A Closer Look at Tiny Cob House Construction

Cob is earth, sand, and straw. It’s similar to building with adobe but instead of making blocks to stack-up like with an adobe house, cob houses are built-up while the mud is wet. The material is essentially the same, the construction process is what differentiates cob from adobe.

The most obvious design difference is that adobe homes look more square and cob homes look more organic and sculptural. This is due directly from building with mud when it’s dry (adobe) versus wet (cob). Theoretically you can achieve a similar aesthetic with both methods but cob’s natural tendency is to look much more organic and free.

Brian Liloia is building a tiny cob house at the Dancing Rabbit Ecovillage in Missouri. Last summer he finished the walls and roof. His house has several very interesting design features like a reciprocal roof, a rocket stove, and earthen floor.

The reciprocal roof is a self supporting round roof that’s often made from thin logs that are then fastened together and covered with a more weather proof roofing material. Cob and adobe homes need a good roof to keep the water off their earthen walls.

The rocket stove is a built-in earthen stove with a long flu that snakes through the cob walls and built-in benches. Adobe and cob provide a great deal of thermal mass so that once you heat it up, or cool it down, the temperature of the room is maintained by the mass of the building. The rocket stove in Brian’s home should keep it very warm through the cold Missouri winters and cool in summer so long as he doesn’t light too many fires.

Sealed earthen floors can be very comfortable to walk on and surprisingly clean. They require careful cleaning and will eventually need resealing but they are a far cry from what you might imagine a dirt floor to be like to live with. Linseed oil is often used as a sealer.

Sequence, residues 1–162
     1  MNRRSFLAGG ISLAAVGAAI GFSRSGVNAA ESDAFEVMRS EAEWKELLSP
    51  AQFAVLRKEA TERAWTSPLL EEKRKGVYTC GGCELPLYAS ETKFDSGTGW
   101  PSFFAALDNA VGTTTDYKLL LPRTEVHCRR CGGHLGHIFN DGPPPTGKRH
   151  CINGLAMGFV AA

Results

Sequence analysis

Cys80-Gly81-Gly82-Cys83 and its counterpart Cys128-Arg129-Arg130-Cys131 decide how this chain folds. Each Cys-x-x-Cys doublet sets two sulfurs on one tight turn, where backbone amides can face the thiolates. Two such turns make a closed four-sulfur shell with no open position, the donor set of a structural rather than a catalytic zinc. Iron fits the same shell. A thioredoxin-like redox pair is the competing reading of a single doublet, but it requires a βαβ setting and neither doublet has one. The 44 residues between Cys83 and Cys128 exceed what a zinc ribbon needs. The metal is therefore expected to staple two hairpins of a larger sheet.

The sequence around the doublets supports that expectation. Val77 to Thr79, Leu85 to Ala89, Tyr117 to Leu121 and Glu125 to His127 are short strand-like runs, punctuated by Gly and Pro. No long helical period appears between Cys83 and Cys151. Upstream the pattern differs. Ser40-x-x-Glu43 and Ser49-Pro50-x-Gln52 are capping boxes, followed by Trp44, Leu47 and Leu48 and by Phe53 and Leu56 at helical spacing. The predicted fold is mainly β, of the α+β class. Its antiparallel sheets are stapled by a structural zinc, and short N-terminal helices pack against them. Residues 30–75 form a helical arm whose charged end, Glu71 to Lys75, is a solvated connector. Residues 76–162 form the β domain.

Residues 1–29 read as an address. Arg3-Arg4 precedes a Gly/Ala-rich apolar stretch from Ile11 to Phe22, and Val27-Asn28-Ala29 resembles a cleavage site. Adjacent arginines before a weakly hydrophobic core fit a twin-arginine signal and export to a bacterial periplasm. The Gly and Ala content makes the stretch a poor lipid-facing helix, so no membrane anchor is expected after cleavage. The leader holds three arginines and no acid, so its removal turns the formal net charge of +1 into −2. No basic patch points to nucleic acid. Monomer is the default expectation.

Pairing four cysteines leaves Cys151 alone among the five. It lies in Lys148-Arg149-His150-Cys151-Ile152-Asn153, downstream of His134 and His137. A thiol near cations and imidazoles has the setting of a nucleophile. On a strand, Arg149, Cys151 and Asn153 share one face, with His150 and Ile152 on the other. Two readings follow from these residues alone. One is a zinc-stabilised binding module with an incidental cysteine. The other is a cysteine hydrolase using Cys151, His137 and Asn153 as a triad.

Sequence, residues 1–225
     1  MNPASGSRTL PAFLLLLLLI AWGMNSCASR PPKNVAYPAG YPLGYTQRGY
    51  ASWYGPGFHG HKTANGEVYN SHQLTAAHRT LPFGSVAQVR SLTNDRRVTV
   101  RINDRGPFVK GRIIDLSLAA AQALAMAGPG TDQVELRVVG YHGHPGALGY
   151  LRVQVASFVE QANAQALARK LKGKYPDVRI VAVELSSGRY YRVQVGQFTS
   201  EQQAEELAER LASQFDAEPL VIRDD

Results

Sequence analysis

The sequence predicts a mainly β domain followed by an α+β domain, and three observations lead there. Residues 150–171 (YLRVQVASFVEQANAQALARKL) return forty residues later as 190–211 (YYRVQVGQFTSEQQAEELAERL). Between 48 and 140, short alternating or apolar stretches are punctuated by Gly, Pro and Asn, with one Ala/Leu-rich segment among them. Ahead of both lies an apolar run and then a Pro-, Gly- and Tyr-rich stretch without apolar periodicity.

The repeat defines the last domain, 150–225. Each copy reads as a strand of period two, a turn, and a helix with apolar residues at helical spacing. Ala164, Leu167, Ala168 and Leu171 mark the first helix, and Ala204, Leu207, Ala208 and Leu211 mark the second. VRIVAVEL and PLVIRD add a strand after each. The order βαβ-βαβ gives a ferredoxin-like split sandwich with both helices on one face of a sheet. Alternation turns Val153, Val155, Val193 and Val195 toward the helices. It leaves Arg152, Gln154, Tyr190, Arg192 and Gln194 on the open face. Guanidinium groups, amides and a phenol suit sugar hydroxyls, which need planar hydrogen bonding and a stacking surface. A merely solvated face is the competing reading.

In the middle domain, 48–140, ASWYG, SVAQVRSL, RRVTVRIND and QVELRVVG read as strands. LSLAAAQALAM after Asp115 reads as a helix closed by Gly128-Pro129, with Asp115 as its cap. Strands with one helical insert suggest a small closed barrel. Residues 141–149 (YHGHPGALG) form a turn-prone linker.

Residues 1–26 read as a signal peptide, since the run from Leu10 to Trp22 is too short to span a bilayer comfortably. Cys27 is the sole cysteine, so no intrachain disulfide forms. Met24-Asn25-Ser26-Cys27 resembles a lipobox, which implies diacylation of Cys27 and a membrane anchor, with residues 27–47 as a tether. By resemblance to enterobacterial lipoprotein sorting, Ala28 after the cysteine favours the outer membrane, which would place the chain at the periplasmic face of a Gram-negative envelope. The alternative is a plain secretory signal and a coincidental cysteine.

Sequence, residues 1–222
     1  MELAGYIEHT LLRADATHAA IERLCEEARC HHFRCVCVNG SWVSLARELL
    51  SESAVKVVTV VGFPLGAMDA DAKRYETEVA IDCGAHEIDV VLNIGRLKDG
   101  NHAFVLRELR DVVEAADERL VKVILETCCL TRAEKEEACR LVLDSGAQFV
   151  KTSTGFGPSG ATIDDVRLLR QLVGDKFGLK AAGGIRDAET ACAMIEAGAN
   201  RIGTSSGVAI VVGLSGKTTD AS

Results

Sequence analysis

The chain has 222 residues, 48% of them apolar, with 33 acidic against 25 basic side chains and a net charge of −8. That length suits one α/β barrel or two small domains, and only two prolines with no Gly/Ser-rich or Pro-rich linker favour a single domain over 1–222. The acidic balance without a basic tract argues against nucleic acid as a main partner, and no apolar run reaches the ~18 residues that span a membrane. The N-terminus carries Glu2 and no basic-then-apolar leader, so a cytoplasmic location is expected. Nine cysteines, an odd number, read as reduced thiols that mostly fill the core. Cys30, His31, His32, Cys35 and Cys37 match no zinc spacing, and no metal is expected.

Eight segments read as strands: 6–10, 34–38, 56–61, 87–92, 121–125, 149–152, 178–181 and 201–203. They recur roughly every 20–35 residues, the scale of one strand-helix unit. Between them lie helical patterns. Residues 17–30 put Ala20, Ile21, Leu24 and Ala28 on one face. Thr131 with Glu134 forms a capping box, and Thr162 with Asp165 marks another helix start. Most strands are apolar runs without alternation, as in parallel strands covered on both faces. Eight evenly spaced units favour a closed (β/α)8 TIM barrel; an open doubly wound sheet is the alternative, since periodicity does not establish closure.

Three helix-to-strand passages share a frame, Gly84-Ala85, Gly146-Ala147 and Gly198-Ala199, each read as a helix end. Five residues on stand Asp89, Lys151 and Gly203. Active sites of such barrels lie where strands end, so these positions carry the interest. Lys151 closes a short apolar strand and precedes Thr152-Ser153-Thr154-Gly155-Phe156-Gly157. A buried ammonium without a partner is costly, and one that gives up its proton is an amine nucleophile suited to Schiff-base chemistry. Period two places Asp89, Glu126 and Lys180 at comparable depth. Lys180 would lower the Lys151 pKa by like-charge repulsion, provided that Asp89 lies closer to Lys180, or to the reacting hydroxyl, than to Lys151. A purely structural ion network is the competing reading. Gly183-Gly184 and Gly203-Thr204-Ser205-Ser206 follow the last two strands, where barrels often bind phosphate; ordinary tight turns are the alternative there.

Below are some photos from Brian’s blog. He’s documented his design choices and progress in great detail with photos. Visit Brian’s blog to learn how to build a cob house. For more about building with cob visit I Love Cob. There are also many good books on building with cob if you’re serious about building a cob house in the future. One good book on the topic is Building With Cob: A Step-by-step Guide. Photo credit Brian Liloia and friends.

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6 thoughts on “A Closer Look at Tiny Cob House Construction

  1. jamie says:

    I live in KC MO and am researching alternative living and housing. We have 4 children and we would need a little more room. I was considering a cluster of cob houses. what is the cost of this type of home? what is the cost of this home? Is it going to have Plumbing and electric? Living in Mo I worry about tornatos. Do you have a tornato plan? I thought maybe embanking a tornato sheler and placing the home near or butted to the opening of the tornato shelter entry.
    The weather is humid here do you worry about the house washing away? this may be a silly question but one I think of.

    thank you for sharing
    If you get time I hope to hear back from you
    sincerely Jamie

  2. Jess and Jay says:

    Hey! I’m really intested in this type of house, but am wondering about the cost and also about it washing away…. How well does the cob hold up? I know that the roof is for keeping the rain off the walls, but that makes me wonder about humidity.
    thanks, Jess and Jay

  3. JACI SIRANGELO says:

    you do not believe how mush i love it , mi dram is make one . in mi country side , brasil
    do not have to mush trees because is savanna , the very pour people make it , were do not have trees and i love it so mush , yours are palaces in comparison , jaci

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